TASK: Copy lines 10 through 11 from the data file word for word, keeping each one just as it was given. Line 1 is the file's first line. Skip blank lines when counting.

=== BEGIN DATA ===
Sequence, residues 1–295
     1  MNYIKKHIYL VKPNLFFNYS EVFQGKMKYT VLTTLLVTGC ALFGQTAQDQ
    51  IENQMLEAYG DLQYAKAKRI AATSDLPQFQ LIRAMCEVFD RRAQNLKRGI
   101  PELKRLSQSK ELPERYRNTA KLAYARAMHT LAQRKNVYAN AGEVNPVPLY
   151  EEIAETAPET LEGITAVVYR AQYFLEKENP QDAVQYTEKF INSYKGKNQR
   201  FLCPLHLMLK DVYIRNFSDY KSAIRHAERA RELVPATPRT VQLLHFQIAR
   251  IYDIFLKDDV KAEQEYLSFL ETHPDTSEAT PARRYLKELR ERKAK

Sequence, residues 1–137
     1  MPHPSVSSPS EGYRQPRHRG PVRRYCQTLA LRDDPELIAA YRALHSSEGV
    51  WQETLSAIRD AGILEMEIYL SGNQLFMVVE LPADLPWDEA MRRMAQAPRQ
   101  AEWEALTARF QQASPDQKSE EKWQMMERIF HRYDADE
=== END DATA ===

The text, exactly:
    51  WQETLSAIRD AGILEMEIYL SGNQLFMVVE LPADLPWDEA MRRMAQAPRQ
   101  AEWEALTARF QQASPDQKSE EKWQMMERIF HRYDADE